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No. LXXXVIII.

MR. BURNS to MR. THOMSON.

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This will be delivered by a Mr. Lewars, a young

fellow of uncommon merit. As he will be a day or two in town, you will have leisure, if you

choose to write me by him: and if you have a spare half hour to spend with him, I shall place your kindness to my account.

I have no copies of the songs I have sent you, and I have taken a fancy to review them all, and possibly may mend some of them ; so when you have complete leisure, I will thank you for either the originals or copies.* I had rather be the author of five well-written songs, than of ten otherwise. I have great hopes that the genial influence of the approaching summer will set me to rights, but as yet I cannot boast of returning health. I have now reason to believe that my complaint is a flying gout: a sad business!

Do

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* It is needless to say, that this revisal Burns did not live to perform.

E.

Do let me know how Cleghorn is, and remember me to him.

This should have been delivered to you a month ago. I am still very poorly, but should

like much to hear from you.

No. LXXXIX.

MR. BURNS to MR. THOMSON.

Brow, on the Solway-frith, 12th July, 1796.

AFTER all my boasted independence, curst necessity compels me to implore you for five pounds. A cruel ***** of a haberdasher, to whom I owe an account, taking it into his head that I am dying, has commenced a process, and will infallibly put me into jail. Do for

, God's sake, send me that sum, and that by return of post. Forgive me this earnestness, but the horrors of a jail have made me half distracted.

I do

I do not ask all this gratuitously; for, upon 'returning health, I hereby promise and engage to furnish

you with five pounds worth of the neatest song genius you have seen. I tried my hand on Rothemurche this morning. The measure is so difficult, that it is impossible to infuse much genius into the lines ; they are on the other side. Forgive, forgive me !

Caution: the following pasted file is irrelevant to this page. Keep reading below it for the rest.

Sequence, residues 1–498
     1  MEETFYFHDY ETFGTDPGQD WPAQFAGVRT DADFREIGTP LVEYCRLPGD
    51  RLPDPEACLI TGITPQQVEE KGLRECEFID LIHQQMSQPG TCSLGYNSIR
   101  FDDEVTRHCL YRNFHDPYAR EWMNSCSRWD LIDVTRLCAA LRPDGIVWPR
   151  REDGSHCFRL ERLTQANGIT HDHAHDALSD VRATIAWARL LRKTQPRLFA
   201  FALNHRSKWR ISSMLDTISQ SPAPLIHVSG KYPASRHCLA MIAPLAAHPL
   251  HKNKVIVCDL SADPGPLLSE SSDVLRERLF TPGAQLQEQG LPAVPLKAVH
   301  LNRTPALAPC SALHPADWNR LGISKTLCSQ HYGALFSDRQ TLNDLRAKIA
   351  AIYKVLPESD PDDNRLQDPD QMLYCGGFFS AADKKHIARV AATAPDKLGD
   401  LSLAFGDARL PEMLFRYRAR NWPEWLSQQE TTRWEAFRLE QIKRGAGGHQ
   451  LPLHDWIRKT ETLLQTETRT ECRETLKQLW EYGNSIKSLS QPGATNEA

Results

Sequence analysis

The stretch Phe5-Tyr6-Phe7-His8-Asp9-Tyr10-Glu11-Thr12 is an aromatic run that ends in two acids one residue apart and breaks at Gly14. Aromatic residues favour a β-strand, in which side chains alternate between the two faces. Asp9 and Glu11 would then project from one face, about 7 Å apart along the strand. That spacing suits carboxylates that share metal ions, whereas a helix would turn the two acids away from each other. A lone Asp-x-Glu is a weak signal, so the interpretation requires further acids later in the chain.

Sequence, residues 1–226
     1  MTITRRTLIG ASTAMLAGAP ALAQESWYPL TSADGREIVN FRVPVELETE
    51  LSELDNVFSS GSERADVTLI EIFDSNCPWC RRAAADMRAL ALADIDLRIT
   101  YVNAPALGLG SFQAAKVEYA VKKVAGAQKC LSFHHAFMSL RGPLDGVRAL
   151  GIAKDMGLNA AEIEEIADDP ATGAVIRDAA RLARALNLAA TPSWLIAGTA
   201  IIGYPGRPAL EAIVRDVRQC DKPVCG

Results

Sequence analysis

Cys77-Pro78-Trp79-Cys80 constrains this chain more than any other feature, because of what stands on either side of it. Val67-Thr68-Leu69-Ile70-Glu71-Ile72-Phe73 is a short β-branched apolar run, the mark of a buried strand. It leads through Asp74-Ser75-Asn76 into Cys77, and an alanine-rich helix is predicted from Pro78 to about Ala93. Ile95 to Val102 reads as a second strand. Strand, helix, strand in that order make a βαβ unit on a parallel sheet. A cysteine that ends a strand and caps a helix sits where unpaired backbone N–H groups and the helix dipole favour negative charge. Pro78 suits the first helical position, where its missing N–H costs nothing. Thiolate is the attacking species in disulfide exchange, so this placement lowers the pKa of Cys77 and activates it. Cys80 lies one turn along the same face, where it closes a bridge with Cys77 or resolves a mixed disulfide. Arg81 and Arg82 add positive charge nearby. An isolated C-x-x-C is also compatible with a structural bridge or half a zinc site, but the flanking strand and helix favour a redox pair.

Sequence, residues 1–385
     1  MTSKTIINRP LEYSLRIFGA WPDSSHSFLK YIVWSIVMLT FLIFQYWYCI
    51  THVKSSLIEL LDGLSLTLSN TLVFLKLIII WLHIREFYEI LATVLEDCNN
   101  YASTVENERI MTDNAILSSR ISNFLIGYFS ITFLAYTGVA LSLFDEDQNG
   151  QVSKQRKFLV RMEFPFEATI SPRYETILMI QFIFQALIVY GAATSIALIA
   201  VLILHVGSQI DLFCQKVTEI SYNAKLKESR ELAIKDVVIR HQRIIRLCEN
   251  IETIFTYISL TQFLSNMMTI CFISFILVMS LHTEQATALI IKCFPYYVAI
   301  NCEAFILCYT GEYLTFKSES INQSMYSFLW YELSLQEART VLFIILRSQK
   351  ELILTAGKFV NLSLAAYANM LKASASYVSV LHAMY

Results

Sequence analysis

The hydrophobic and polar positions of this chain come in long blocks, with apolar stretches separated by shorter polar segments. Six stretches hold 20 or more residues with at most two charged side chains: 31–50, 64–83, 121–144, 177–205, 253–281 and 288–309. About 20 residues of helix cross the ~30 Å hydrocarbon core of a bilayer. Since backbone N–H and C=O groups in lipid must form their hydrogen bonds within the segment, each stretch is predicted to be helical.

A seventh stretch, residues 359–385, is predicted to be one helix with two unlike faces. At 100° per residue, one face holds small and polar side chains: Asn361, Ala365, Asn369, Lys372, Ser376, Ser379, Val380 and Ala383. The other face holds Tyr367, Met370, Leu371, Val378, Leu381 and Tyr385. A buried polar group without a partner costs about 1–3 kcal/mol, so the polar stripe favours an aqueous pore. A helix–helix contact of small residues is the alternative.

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Fairest maid on Devon banks,

Crystal Devon, winding Devon, Wilt thou lay that frown aside,

And smile as thou were wont to do?

Full well thou know'st I love thee dear,
Couldst thou to malice lend an ear!
O, did not love exclaim, Forbear,
Nor use a faithful lover so."

Fairest maid, &c.

Then

Then come, thou fairest of the fair,
• Those wonted smiles, O let me share;
And by thy beauteous self I swear,
No love but thine my heart shall know.

Fairest maid, &c.*

No.

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* These verses, and the letter enclosing them, are written iu a character that marks the very feeble state of Burns's bodily strength. Mr. Syme is of opinion that he could not have been in any danger of a jail at Dumfries, where certainly he had many firm friends, nor under any such necessity of imploring aid from Edinburgh. But about this time his reason began to be at times unsettled, and the horrors of a jail perpetually haunted his imagination. He died on the 21st of this month.

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Ever since I received your melancholy letter, by Mrs. Hyslop, I have been ruminating in what manner I could endeavour to alleviate your sufferings. Again and again I thought of a pecuniary offer, but the recollection of one of your letters on this subject, and the fear of offending your independent spirit, checked my resolution. I thank you heartily therefore for the frankness of your letter of the 12th, and with great pleasure enclose a draft for the very sum I proposed sending. Would I were Chancellor of the Exchequer but for one day, for

your sake!

Pray, my good Sir, is it not possible for you to muster a volume of poetry? If too much

trouble

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